Written by D.F. Karppi Friday, 02 October 2009 00:00
The Metropolitan Transit Authority (MTA) Long Island Rail Road (LIRR) officially transferred two retired LIRR locomotives – No. 397 and No. 398 to the Oyster Bay Railroad Museum for display with their historic equipment collection as part of the yearlong celebration of the rail road’s 175th anniversary. The two mini locomotives – now known as Dashing Dan and Dashing Dottie – were used as “switching locomotives” in the LIRR’s Morris Park diesel servicing and repair yard in Richmond Hill, Queens.
“We are very pleased to be able to help the Oyster Bay Railroad Museum preserve yet another piece of LIRR history by adding these retired locomotives to their collection,” said LIRR President Helena Williams, as the locomotives were delivered to the museum. “As we reflect on this, the LIRR’s 175th anniversary year, we pay tribute to the LIRR’s rich history and the important role it played in the development of Long Island. Transferring these locomotives to the museum helps immortalize that history for generations to come.”
Oyster Bay Railroad Museum President John Specce said, “The Oyster Bay Railroad Museum is extremely grateful to the LIRR for the generous transfer of these two historic locomotives which will be an integral part of our equipment display area.” He added, “I wish to thank everyone associated with the transfer; the LIRR management and departments that provided the logistics for the transfer, the men who arranged for the unloading of the dinkies on site, and the volunteers of the Oyster Bay Railroad Museum. They all worked together for a seamless move from Jamaica to Oyster Bay. We look forward to displaying both locomotives and the rest of our equipment starting on Oyster Festival weekend, Oct. 17 and 18 and welcome everyone to our Museum.”
The diminutive locomotives (150 horsepower) were used to “switch” or move passenger and freight locomotives throughout the diesel facility – especially when locomotives were unable to operate under their own power while in the shop for repair. The locomotives also pushed or pulled diesel coaches – passenger train cars – into or out of the diesel car repair shop and the wheel truing facility where flat spots were removed from train car wheels.
Earlier this year, the LIRR held a contest for the naming of these two workhorses long-known only as No. 397 & No. 398.
In revealing the winning entry, LIRR Senior Vice President of Operations Raymond Kenny said, “We invited the public to help properly name the dynamic duo, reflecting our history and connection to Long Island. And so, I am excited to announce the winning entry – submitted by Michael Sprintz of East Meadow. Locomotive No. 397 will now also be known as ‘Dashing Dan,’ and No. 398 as ‘Dashing Dottie.’”
His was the seventh entry into the contest. There were 420 entrees overall; two others named the cars Dashing Dan and Dashing Dottie, but he was the first. They too received prizes – tickets to see the Titanic artifact exhibition in NYC.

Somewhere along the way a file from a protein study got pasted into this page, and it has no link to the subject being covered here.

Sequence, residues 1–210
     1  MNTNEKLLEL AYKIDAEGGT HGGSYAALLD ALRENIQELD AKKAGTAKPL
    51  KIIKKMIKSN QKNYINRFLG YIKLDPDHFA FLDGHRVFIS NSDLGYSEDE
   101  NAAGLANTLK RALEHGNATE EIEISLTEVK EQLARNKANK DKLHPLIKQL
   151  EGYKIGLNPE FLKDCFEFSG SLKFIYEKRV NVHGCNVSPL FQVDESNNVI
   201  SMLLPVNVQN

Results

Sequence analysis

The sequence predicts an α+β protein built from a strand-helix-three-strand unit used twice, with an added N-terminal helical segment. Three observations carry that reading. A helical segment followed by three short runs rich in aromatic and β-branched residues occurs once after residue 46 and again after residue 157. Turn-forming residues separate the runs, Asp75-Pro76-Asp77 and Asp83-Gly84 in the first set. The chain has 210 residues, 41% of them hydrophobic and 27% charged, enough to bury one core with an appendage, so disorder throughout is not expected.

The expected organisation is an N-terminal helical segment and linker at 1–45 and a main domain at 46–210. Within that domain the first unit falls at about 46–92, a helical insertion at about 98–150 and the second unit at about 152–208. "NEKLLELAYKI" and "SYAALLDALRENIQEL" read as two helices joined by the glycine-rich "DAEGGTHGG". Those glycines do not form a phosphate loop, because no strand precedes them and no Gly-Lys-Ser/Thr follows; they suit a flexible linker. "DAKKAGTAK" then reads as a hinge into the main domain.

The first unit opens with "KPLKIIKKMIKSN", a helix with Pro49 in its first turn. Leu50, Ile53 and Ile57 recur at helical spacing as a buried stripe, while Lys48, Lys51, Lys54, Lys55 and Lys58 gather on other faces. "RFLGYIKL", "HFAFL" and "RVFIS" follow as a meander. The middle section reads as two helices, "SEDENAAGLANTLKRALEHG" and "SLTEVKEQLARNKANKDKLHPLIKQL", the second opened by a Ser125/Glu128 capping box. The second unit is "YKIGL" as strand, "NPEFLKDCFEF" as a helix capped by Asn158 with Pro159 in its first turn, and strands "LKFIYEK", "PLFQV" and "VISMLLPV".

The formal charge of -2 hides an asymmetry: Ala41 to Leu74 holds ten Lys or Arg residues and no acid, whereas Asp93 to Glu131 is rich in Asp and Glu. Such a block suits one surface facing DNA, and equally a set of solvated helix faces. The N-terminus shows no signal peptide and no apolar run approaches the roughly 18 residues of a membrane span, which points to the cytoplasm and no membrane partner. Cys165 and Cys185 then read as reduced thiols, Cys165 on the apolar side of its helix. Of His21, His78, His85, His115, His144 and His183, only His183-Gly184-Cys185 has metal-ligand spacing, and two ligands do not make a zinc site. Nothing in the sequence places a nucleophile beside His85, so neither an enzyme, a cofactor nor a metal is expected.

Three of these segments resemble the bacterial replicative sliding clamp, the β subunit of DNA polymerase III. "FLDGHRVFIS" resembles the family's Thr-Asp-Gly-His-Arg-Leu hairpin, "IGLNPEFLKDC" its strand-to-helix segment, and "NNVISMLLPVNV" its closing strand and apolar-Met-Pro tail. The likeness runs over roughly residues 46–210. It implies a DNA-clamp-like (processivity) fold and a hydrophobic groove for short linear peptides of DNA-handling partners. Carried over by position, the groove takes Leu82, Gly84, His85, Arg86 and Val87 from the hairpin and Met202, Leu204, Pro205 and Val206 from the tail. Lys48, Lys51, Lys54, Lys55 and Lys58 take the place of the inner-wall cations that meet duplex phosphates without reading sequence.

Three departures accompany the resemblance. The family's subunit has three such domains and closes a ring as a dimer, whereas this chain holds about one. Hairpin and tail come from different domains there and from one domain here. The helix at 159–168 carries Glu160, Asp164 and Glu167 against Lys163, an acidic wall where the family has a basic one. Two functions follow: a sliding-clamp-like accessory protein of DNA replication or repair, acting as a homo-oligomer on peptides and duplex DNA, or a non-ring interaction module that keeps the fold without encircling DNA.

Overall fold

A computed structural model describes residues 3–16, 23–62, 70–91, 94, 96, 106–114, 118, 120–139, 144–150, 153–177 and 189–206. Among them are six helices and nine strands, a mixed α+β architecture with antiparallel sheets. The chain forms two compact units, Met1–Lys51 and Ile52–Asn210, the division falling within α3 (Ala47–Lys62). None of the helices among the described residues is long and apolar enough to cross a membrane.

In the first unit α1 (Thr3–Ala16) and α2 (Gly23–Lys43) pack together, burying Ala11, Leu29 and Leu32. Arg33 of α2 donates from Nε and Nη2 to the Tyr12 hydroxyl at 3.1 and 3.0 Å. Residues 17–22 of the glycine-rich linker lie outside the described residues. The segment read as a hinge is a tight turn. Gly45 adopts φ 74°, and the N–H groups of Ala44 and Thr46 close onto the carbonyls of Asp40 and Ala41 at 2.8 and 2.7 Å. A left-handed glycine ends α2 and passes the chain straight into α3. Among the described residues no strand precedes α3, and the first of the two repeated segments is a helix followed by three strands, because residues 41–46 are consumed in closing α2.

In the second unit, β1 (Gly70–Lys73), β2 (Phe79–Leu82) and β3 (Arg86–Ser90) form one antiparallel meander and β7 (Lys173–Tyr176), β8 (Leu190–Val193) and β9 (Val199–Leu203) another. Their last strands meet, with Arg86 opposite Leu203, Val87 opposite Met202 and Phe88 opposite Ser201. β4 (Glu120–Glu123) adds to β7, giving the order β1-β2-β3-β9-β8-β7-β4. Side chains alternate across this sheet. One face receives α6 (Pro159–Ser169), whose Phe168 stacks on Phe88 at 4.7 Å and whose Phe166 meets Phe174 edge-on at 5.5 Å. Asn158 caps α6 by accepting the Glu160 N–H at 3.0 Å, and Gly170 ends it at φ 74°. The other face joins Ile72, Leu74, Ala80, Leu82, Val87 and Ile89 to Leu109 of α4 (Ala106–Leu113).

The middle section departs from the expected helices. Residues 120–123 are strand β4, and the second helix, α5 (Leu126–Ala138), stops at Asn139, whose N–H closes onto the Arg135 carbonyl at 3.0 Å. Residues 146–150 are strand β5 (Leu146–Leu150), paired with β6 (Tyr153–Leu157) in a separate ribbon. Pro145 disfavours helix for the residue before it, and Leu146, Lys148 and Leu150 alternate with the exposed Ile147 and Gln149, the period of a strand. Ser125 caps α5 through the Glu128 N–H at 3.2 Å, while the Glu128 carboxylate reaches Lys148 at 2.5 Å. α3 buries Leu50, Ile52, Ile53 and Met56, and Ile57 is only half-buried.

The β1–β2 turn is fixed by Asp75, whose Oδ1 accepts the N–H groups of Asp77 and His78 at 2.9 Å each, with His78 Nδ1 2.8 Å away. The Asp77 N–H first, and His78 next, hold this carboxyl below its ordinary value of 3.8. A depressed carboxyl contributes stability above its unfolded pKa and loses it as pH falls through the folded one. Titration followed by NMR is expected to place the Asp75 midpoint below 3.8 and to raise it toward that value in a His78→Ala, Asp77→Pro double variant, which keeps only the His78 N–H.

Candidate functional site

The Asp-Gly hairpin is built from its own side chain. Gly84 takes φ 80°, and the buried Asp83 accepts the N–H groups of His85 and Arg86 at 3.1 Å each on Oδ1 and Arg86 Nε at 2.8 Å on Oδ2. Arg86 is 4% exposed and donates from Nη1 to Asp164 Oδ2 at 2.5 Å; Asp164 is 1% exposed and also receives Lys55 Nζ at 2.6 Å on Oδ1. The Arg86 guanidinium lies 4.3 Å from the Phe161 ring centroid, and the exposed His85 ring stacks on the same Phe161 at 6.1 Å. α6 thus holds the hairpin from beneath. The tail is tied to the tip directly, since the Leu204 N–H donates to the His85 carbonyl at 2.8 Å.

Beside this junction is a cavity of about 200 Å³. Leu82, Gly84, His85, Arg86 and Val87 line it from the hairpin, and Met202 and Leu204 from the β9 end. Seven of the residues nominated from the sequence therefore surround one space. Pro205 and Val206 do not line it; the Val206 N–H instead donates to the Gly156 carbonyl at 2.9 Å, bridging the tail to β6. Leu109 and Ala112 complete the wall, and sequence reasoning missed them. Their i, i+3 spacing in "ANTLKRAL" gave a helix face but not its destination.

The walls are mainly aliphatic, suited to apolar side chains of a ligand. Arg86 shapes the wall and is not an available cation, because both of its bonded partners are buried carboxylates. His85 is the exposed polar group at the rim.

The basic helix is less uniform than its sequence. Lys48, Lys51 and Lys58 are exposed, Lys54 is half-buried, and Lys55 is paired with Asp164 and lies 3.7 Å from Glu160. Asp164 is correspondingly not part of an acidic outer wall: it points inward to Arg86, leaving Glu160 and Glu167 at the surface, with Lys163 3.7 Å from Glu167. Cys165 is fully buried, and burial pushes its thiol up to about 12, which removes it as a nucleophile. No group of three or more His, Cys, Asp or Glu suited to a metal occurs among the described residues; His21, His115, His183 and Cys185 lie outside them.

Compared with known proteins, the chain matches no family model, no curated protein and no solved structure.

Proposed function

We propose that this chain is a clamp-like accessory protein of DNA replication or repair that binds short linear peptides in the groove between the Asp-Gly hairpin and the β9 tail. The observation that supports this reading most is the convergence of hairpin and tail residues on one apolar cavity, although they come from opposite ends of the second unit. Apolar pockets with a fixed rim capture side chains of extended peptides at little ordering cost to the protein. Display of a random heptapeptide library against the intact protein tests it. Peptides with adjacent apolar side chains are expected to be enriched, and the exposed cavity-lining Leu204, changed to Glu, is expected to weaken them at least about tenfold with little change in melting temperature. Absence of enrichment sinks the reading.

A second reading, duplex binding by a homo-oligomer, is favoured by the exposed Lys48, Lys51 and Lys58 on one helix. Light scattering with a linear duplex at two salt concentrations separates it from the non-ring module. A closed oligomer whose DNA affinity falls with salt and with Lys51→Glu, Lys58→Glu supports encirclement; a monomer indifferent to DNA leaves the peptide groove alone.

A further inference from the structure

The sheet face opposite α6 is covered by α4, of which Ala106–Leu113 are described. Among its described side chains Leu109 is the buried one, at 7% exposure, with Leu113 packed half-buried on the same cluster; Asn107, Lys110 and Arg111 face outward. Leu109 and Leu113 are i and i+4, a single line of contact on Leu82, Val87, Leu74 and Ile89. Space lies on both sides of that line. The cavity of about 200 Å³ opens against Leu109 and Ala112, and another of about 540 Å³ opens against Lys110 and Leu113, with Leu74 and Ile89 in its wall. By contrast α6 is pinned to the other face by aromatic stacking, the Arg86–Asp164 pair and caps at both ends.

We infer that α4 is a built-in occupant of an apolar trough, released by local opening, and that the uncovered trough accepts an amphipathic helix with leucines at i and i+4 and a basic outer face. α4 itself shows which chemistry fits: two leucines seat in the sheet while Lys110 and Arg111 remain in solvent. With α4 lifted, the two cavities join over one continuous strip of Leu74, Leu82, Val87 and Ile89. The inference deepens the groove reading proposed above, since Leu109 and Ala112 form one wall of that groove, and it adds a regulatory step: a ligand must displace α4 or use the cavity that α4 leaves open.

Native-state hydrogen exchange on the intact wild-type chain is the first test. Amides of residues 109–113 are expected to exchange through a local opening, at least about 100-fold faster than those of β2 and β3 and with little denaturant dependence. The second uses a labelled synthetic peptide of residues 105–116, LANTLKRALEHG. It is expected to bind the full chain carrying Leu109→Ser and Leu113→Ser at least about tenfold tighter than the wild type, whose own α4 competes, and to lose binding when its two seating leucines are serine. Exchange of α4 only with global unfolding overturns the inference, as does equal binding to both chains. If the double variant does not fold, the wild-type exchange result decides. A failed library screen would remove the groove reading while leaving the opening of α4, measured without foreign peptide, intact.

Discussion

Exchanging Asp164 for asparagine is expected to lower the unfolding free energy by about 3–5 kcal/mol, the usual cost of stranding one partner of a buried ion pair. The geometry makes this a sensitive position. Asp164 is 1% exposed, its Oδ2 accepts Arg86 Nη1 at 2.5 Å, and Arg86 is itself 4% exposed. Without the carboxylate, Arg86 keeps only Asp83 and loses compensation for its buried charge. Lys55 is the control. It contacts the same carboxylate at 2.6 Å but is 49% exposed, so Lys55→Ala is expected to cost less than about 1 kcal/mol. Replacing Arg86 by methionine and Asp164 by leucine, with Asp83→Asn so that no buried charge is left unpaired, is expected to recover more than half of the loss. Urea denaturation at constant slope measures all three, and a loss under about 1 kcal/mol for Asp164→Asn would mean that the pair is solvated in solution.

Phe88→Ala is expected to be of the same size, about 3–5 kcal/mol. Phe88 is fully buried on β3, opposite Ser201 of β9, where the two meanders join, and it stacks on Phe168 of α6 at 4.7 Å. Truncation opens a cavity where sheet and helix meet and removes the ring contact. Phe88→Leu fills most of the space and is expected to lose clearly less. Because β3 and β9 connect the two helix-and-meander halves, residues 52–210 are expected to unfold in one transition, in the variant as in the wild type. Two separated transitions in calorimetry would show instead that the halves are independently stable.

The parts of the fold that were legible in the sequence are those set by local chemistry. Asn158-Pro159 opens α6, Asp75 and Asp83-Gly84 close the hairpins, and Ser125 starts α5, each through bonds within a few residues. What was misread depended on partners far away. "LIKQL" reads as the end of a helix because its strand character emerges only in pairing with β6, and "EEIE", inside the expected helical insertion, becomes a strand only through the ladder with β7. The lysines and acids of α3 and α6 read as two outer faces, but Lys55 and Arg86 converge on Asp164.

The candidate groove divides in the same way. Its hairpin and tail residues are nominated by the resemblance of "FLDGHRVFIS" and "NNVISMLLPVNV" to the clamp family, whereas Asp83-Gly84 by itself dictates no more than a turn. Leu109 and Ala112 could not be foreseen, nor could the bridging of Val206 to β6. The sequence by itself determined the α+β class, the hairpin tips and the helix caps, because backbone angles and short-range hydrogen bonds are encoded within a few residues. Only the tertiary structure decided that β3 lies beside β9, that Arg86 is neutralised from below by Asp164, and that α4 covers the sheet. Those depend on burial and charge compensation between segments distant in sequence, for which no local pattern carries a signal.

Kenny collects literature on the history of the LIRR, so he was especially pleased with the winning selections as the names since they were used in advertising the LIRR. “So the names are very appropriate,” he said.
Contest winner Michael Sprintz works as a pharmacy technician at Winthrop Hospital in Mineola and is a rail fan. “I am somewhat used to watching the trains in Mineola going by the station,” he said.
Sprintz’ father, Howard, is also a rail fan. “I am particularly fond of old diesels,” he said. “I’ve been a rail fan most of my life,” said Howard Sprintz, who is a supervisor at the Sleepy’s warehouse.
Rail fan Sam Berliner said the old time LIRR employees knew the cars for many years as Mike and Ike, his favored names for them.
Winning the naming contest, Michael Sprintz received a family four-pack of tickets to the Broadway show Burn the Floor. The prize was donated to the LIRR for the contest.
The “switching locomotives,” each over 50 years old, dutifully performed their functions and were a mainstay of the LIRR’s diesel repair shop landscape from the 1960s through 2006. Both locomotives were built by General Electric in 1958.
Locomotive #398 was purchased new by the LIRR in 1958. Locomotive #397 was acquired by the LIRR in 1987 from the Naporano Iron & Metals Company – a firm located in New Jersey. Each locomotive measures just over 18 feet in length, 10 feet in height and weighs 51,000 pounds.
Celebrating its 175th anniversary this year, the LIRR is the busiest commuter railroad in North America, carrying 87.4 million customers last year, with over 300,000 traveling each weekday on 735 daily trains. Chartered on April 24, 1834, it is also the oldest railroad in the U.S. still operating under its original name. The railroad is comprised of over 700 miles of track on 11 different branches, stretching from Montauk - on the eastern tip of Long Island - to Penn Station in the heart of Manhattan, approximately 120 miles away. Along the way, the LIRR serves 124 stations in Nassau, Suffolk, Queens, Brooklyn and Manhattan.
New York State Senator Carl Marcellino called the LIRR the backbone of Long Island’s development. “It was the best way to get here for then-President Theodore Roosevelt, who used the Oyster Bay line. He walked here or rode his horse from his home in Sagamore Hill. I don’t know anyone who doesn’t want to ride the railroad. When we look into all the history, these two cars helped build the railroad. I hope this museum will continue to grow and be an attractive addition to the hamlet.”
Oyster Bay Railroad Museum board president Ben Jankowski said the new equipment brings them closer to the group’s goal of making the Oyster Bay hamlet a destination location. With all the equipment assembled in their train yard, located at the northeast corner of the LIRR yard in Oyster Bay, near the Oyster Bay Marina, it is already becoming an exciting addition to the hamlet.